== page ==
Stamped with world-wide approval

Weekender

This is part one of a two-part series on the first day covers and postage stamps issued in 1985 celebrating the first official air mail from Australia to the Territory of Papua and the United Nations Trust Territory of New Guinea and return and also from Australia to New Zealand and return in 1934. PNG postage stamps are legendary in the world of philatelic collections. Why? Among other reasons, it’s for their uniqueness, exotic beauty, design and presentation.  They do stand out, stamped with international approval and awards!

By BIGA LEBASI
POSTAGE stamp collecting became the trend in my class during June 1952 back on my island home of Kwato, the boomerang-shaped gem floating below Mt Nenegedu on the larger neighbouring island of Logea.And tiny blobs of pearls like Dekadeka, Bonaluahilihili, Ebuma, Gonubalabala and Samarai island floats closer to the biggest island, Saliba.
Samarai, the then Milne Bay District headquarters, was in the 1930s dubbed “Pearl of the Pacific” by the commissioned writer for the London Times and the Sydney Morning Herald, globe-trotting Irish freelancer Beatrice Grimshaw. She had in the 1920s and 30s, settled along the south bank of the Laloki River, Sogeri plateau track near Port Moresby and also near where we lived upstream from 1975 to 2016 and then Taubada Taubadasaku Lawrence Stephens drifted into our territorial realm at 17-Mile.
Erroll Flynn, a coffee planter from Tasmania, was Grimshaw’s neighbour who sold his plantation to her before his Hollywood debut for fame and fortune. She also owned and managed the Matadona coconut estate on mainland Papua near China Strait and Samarai.
Between Matadona and Samarai is Kwato…in the 1950s, the pearl was sadly, already on her downward slide to olde age, wrinkling fast to careless disarray and ruin. Kapole! (Nostalgia plus in Suau/Tawala).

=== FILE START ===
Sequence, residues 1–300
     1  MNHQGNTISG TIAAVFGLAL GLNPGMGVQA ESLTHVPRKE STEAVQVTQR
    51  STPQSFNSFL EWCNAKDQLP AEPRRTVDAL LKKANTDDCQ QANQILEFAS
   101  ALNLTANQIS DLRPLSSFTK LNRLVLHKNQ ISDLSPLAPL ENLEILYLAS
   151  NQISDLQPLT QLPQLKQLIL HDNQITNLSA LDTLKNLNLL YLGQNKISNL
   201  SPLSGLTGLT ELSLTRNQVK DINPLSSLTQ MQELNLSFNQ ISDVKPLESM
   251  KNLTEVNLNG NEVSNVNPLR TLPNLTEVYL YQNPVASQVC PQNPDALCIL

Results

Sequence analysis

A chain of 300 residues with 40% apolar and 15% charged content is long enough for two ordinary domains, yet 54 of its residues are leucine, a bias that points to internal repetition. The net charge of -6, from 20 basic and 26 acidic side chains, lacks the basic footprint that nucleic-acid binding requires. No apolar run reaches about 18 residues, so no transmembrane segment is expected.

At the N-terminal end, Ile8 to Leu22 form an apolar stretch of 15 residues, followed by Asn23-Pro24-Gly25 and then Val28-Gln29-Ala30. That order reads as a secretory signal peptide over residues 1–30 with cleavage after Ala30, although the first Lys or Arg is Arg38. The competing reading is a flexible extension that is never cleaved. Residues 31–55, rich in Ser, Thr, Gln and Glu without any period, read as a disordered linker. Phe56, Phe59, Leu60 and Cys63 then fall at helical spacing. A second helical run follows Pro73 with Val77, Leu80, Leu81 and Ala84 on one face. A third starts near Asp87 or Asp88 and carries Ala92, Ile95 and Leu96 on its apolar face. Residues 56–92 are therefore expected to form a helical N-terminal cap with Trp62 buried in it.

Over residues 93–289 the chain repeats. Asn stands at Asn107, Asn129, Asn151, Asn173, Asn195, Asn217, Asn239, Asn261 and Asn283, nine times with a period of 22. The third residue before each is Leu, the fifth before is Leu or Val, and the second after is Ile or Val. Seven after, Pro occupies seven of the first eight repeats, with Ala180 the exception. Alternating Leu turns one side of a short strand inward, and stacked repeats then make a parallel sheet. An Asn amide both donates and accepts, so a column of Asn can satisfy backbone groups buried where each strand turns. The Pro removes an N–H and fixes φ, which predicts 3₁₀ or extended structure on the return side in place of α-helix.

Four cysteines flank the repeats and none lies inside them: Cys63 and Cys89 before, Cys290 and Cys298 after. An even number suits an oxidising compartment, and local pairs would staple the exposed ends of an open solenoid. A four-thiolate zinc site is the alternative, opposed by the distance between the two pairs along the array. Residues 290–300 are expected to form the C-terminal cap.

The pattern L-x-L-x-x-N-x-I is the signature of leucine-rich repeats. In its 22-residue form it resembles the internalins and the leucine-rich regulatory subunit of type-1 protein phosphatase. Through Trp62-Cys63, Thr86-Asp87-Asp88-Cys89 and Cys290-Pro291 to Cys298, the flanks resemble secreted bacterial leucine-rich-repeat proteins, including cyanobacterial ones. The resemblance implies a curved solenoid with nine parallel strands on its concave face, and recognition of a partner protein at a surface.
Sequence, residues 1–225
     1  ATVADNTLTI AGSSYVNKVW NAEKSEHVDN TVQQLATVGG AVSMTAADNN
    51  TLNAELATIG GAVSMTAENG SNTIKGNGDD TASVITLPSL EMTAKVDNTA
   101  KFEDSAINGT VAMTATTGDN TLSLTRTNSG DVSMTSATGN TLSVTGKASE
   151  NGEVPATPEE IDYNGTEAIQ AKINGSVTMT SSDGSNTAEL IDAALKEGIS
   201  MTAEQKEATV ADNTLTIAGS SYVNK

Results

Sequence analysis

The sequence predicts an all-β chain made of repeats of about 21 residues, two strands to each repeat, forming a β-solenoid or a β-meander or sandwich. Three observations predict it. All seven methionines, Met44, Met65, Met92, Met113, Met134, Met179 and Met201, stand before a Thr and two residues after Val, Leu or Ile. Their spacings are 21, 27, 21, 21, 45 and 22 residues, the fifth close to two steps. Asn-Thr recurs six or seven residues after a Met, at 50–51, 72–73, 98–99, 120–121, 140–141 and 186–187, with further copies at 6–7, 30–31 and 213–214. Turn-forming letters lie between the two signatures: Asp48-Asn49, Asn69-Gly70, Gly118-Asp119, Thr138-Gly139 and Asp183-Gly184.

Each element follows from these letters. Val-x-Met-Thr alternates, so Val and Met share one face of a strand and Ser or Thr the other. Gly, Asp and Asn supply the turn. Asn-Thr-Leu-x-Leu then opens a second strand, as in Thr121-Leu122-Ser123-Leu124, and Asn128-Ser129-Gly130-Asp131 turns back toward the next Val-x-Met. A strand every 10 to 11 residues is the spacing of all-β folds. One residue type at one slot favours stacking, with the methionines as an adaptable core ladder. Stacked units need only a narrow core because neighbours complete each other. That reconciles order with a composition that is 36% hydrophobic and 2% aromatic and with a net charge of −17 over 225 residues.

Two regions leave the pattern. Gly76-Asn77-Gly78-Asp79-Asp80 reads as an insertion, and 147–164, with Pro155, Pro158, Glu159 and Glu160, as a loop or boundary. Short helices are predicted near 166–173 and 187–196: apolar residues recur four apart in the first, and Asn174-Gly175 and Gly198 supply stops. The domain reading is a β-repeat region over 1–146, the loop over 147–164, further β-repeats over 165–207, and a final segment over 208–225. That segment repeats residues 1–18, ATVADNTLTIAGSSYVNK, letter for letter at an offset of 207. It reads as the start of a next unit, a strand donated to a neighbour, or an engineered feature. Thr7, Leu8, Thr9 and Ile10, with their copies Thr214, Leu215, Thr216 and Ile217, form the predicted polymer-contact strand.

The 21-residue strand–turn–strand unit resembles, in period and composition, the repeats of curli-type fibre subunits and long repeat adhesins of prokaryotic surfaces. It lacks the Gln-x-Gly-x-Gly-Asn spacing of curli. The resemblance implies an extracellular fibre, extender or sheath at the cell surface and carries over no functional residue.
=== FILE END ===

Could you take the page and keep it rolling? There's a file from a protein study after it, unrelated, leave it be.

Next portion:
The flying boats! The Catalina or Cat’ and the Sandringham! How can I forget the excitement whenever the flights from Port Moresby droned over our Kwato Mission school house,’ shaking it up and down to its very foundations, and it’s shadow momentarily passing over our screaming voices as it would fly low for landing between Samarai and little Ebuma isle and..we would imagine the Cat’ touching down conceiving a display of slow aerial manoeuvres and finally splashing and dispatching millions of sparkling bubbles and flying spray, leaving a wake as she gradually loses speed. ..the engine’s cut.
The props stop rotating. And the amphibian would nose its way with the nauwa (current) up towards the waiting buoy for the in-flight navigator to reach out to hook up for anchorage. At lunch time arrivals at Samarai, the entire AH Bunting shop, Burns Philp (BPs) and Steamships (STC) dimdim (caucasian) staff and a sprinkling of coffee-coloured folks would throng the small verandah to standing-room status to rudely stare at the latest city slickers disembarking from Australia, New Zealand and Port Moresby and with the company of OHMS (On Her Majesty’s Service) mail bag!
Stamps from Australia! Devoted Kwato Mission teachers, either Halliday Beavis or Sheila Abel, would gently open the bulging brown Manila OHMS envelope to reveal our ‘papers’ from The Blackriars Correspondence School far away ‘down south’ in Sydney.
Our goggled pair of nine-year-old eyes would zero onto the top right hand corner of the now empty envelope.
Never mind our returned composition corrected by our faceless teacher from down south. She was called Miss Lamb: we had always associated her with merino sheep (‘Australia rides on the sheep’s back’ slogan) and I would laugh secretly whenever I notice her stamped approvals on my corrected papers or imprinting disappointing words of warning to watch my tenses, and spelling too! Then we saw the stamps…
“My stamp from Sydney, the Aboriginal Albert Namatjirra the painter, Shiela?”